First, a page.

The range of up-and-coming talent on the jazz tenor saxophone scene is breathtaking. Bobby Malach, Bill Pierce, Bob Mintzer, Chico Freeman, Mike Brecker, Bob Berg, David Schnitter, Ricky Ford, David Murray, – and these are just the cats who were in their twenties at the time!
Roger Rosenberg was part of this community of vibrant and high energy musicians; here he is soloing on tenor with George Russell’s New York Big Band in 1978; it’s an Ernie Wilkins chart on “God Bless The Child” featuring vocalist Lee Genesis. Roger was a busy freelancer who worked with Tito Puente, Mongo Santamaria, Buddy Rich and many, many others during these years.
At this time he also began to focus on the baritone saxophone, the instrument he’s been associated with ever since, and you can hear a lot of tenor sax vocabulary and vitality when he plays the bigger horn. Roger was part of the Lee Konitz Nonet that performed at the first Chicago Jazz Festival in 1979, and the band’s performance was broadcast by NPR on Billy Taylor’s program “Jazz Alive.” Here’s a recording of Roger tearing it up on the Nonet’s set-closer, “Giant Steps.”
In the early eighties – soon after these recordings were made – Roger became a charter member of Bob Mintzer’s Big Band; he’s played on all the recordings and anchors the sax section of the band to this day. During those years he also worked in Chet Baker’s quintet, playing baritone and soprano. For more information about Roger, consult his biography at jazzbarisax.com, search for his performances and interviews on YouTube, and check out his recent studio projects Baritonality and Hang Time. Both albums contain many of his excellent original compositions.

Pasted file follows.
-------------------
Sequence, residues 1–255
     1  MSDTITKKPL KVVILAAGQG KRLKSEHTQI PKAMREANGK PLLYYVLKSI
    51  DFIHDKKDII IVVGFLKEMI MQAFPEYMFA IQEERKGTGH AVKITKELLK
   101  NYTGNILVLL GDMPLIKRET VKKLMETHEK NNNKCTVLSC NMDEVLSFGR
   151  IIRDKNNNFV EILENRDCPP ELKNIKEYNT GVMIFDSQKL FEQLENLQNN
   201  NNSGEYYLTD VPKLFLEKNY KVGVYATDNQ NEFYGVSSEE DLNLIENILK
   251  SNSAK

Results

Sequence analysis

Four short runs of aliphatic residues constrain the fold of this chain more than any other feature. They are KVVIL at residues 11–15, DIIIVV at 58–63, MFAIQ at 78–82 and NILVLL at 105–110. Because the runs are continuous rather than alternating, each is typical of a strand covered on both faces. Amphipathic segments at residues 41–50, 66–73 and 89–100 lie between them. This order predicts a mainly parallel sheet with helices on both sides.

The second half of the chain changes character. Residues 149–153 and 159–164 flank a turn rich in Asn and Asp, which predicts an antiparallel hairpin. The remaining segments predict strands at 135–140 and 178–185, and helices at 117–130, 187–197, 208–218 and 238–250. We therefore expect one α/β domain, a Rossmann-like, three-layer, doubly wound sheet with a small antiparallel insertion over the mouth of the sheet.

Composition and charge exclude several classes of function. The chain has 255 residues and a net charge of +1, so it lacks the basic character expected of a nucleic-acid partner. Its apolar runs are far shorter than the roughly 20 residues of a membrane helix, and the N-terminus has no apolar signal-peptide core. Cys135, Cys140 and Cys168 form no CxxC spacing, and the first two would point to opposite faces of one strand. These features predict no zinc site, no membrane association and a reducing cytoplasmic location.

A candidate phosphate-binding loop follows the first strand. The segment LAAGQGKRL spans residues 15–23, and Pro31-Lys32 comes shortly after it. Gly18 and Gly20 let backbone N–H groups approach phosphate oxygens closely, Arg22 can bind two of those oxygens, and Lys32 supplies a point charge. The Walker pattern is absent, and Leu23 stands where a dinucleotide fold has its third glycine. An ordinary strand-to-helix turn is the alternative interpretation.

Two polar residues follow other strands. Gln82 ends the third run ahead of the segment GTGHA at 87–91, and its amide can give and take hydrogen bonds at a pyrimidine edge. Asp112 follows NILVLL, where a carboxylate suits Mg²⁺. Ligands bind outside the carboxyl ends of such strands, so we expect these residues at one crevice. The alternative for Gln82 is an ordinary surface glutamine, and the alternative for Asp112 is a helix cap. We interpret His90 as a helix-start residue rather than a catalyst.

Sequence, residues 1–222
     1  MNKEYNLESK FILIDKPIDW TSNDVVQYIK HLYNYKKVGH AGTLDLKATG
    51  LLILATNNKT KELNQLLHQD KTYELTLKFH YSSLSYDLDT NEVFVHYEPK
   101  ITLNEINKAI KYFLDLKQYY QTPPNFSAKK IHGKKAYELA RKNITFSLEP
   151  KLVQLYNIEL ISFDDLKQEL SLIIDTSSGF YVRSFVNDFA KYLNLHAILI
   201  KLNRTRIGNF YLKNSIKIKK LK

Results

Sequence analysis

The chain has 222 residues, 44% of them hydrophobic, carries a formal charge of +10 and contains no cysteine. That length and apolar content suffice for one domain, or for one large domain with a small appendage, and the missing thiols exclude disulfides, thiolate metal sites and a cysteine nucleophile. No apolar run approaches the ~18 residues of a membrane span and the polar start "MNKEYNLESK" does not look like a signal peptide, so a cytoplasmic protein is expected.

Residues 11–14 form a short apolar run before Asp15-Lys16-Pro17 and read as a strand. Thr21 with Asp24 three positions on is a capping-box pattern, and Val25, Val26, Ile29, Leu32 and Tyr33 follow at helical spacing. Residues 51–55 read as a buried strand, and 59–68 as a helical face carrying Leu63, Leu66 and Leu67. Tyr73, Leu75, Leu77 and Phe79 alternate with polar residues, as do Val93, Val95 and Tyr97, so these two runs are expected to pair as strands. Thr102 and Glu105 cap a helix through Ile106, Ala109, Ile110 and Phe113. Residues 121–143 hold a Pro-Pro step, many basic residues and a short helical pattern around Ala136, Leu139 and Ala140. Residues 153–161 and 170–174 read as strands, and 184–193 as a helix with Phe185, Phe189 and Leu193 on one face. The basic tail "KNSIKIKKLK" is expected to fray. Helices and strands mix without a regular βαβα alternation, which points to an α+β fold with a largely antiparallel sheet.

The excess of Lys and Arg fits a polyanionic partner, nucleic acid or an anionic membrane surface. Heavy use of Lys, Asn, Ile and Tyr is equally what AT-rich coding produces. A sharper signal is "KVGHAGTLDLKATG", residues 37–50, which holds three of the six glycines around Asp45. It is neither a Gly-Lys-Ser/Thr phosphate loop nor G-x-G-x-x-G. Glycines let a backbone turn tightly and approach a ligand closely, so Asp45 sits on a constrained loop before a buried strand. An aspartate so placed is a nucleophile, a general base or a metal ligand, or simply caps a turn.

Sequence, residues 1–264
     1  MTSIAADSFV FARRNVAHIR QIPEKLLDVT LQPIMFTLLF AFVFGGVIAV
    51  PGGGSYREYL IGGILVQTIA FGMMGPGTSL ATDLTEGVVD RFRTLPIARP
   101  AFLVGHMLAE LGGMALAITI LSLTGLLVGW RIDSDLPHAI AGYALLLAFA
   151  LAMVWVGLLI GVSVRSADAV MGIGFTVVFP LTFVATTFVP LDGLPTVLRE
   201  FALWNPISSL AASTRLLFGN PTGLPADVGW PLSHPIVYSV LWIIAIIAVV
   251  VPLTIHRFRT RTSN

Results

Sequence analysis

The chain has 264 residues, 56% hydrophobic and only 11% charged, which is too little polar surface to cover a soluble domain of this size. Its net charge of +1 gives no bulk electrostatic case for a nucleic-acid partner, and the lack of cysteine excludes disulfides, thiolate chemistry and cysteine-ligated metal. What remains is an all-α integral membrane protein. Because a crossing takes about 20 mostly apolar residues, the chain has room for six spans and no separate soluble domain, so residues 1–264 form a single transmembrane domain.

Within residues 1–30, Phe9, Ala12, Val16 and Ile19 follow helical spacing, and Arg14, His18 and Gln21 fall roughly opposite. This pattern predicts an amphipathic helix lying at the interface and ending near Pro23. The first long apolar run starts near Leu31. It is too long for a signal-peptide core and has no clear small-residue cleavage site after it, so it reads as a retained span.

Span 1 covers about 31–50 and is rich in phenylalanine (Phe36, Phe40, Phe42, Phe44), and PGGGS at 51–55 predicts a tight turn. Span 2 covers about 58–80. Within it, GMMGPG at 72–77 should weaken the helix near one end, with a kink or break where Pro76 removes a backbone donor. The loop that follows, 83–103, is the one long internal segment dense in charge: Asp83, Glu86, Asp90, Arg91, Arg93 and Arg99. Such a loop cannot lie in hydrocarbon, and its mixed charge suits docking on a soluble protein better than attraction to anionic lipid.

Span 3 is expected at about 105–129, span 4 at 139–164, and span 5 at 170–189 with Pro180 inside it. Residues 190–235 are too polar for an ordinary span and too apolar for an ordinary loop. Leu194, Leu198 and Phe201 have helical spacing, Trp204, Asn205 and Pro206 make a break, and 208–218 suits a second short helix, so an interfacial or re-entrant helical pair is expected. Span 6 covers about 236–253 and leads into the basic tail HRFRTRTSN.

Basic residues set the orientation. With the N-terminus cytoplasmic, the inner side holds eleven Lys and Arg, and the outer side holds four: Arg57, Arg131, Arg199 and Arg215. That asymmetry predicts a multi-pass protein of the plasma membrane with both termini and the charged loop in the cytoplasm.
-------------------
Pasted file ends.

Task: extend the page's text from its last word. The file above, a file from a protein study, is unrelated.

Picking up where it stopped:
In 2018 he’s still a busy creative musician around NYC, and on the road and in the studio with Steely Dan.
At his11/26/45 recording date for Savoy, his first session as a leader, Charlie Parker produced 3 of his best known and most influential solos, Now’s the Time, Billie’s Bounce, and Koko. These 3 recordings have challenged and inspired generations of alto saxophonists, and to learn these solos is an essential part of learning Bird’s language. That particular day in the studio was also the source of many folk tales, thanks to Teddy Rieg’s casual paperwork, Bird’s loose concept of leadership, and the haphazard research that used to be acceptable in jazz criticism and scholarship. The actual story of that day is fascinating (see here for more details) and much more music was recorded besides the 3 most famous tracks.
Which brings us to Meandering. Several weeks ago a colleague – Marc Phanuef – played me a fragment of a gorgeous Bird solo that sounded like it might be on the changes of “Embraceable You.” Marc says the mystery snippet was used in the background during the Charlie Parker section of Ken Burns’ Jazz documentary. Where was the rest of this great track? After a little research we were surprised to discover that the recording was “Meandering” from the 11/26/45 session that we thought we already knew very well. In order to fully appreciate this solo we needed to hear it outside of it’s usual context as a ‘lesser’ outtake next to the monumental Koko, Now’s the Time, and Billie’s Bounce. Clearly it’s a wonderful full chorus of Bird at his heartfelt best; an artistic achievement well worth studying.